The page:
The Norwegian government on Tuesday intervened to end a strike in the petroleum sector that had cut oil and gas output, a union leader and the labour ministry said, ending a stalemate that could have worsened Europe’s energy supply crunch.
Norwegian offshore oil and gas workers went on strike over pay on Tuesday, the first day of planned industrial action that had threatened to cut the country’s gas exports by almost 60% and exacerbate supply shortages linked to the Ukraine war.
“Workers are going back to work as soon as possible. We are cancelling the planned escalation,” Lederne union leader Audun Ingvartsen told Reuters. Asked whether the strike was over, he said: “Yes”.
The labour ministry separately confirmed it had exercised its right to intervene.
“Norway plays a vital role in supplying gas to Europe, and the planned escalation (of the strike) would have had serious consequences, for Britain, Germany and other nations,” Labour Minister Marte Mjoes Persen told Reuters.
“The volume impact would have been dramatic in light of the current European situation.”
By Saturday, the strike would have cut daily gas exports by 1,117,000 barrels of oil equivalent (boe), or 56% of daily gas exports, while 341,000 of barrels of oil would have been lost, the Norwegian Oil and Gas (NOG) employers’ lobby said.
In a worst case scenario, Belgium and Britain would not have received any piped Norwegian gas from Saturday, gas pipeline operator Gassco had said, because of the risk of a shutdown at Sleipner, a gas transportation hub in the North Sea.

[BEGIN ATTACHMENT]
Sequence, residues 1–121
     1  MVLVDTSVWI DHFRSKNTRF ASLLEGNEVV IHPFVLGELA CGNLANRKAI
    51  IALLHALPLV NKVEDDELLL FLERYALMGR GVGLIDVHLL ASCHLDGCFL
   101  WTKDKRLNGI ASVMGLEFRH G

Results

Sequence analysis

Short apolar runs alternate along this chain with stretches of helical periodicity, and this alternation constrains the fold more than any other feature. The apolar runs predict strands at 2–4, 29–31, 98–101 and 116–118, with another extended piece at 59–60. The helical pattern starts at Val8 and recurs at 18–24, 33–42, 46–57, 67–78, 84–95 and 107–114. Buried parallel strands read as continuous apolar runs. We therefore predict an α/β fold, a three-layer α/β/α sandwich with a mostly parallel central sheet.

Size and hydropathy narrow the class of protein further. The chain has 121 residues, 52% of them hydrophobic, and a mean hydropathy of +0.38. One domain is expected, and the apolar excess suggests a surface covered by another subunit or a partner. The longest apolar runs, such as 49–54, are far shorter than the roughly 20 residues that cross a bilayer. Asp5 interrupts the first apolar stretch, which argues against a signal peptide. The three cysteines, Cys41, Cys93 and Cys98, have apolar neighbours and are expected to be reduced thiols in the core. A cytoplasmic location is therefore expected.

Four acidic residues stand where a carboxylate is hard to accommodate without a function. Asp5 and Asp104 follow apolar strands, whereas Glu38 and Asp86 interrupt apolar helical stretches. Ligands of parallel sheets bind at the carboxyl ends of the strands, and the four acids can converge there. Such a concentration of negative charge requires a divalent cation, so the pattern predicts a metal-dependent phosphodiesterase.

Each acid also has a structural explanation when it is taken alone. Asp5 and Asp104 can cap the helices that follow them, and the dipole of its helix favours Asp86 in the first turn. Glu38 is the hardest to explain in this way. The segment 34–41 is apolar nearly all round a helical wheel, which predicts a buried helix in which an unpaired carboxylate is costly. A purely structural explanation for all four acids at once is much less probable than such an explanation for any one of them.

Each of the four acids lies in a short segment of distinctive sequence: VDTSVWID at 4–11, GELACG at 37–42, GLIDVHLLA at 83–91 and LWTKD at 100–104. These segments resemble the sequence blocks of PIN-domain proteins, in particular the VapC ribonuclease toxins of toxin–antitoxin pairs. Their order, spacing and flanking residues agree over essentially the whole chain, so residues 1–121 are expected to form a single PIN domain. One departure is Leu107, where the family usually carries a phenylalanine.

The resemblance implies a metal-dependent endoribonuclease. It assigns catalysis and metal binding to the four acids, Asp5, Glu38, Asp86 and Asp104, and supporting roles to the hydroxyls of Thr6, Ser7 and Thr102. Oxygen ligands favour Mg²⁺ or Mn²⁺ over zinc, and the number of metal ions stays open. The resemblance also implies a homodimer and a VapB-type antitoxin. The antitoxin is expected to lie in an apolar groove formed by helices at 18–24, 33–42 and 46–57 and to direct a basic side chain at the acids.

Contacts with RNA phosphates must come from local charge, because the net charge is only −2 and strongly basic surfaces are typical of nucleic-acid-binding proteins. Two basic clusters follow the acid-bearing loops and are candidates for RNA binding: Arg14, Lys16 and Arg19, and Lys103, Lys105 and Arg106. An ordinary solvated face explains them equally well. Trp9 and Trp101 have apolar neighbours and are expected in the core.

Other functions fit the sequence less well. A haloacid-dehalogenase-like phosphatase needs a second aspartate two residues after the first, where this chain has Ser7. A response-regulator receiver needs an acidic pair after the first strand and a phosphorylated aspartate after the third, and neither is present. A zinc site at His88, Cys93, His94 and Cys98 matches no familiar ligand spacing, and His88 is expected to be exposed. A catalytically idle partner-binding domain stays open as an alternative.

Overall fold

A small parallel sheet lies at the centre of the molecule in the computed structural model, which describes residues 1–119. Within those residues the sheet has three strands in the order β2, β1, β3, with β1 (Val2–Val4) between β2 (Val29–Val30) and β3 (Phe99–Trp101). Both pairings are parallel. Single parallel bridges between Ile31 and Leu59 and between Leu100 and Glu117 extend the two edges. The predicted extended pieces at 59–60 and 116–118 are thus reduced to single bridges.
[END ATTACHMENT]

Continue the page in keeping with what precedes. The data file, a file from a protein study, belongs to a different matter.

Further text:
Oil and gas from Norway, Europe’s second-largest energy supplier after Russia, is in high demand as the country is seen as a reliable and predictable supplier, especially with Russia’s Nord Stream 1 gas pipeline due to shut for maintenance from July 11 for 10 days.
British wholesale gas price for day-ahead delivery had leapt nearly 16% on Tuesday, though the price of Brent crude fell as fears of a global recession outweighed concerns about supply disruption, including the strike in Norway.
The Norwegian government has the power to intervene in strikes under certain circumstances.
Such powers have also previously been used to end petroleum sector strikes, to protect Norway’s reputation as a reliable gas supplier to Europe.
“We are glad to see that the government understood the seriousness of the situation and acted to uphold Norway’s reputation as a reliable and stable supplier of natural gas to Europe,” NOG, the oil lobby, said in a statement.
Like workers elsewhere, Lederne union members had been concerned about accelerating inflation eroding their wages, though they are among the best paid employers working offshore Norway.
Last week, they had turned down a pay rise of between 4% and 4.5%, negotiated by union leaders and oil companies. Inflation in May stood at 5.7% year-on-year.
Under the forced settlement by the government, workers will receive the same terms as the two other oil unions that had neogiated deals with employers, though the specifics will be agreed at a later stage, said Ingvarsten, the union leader.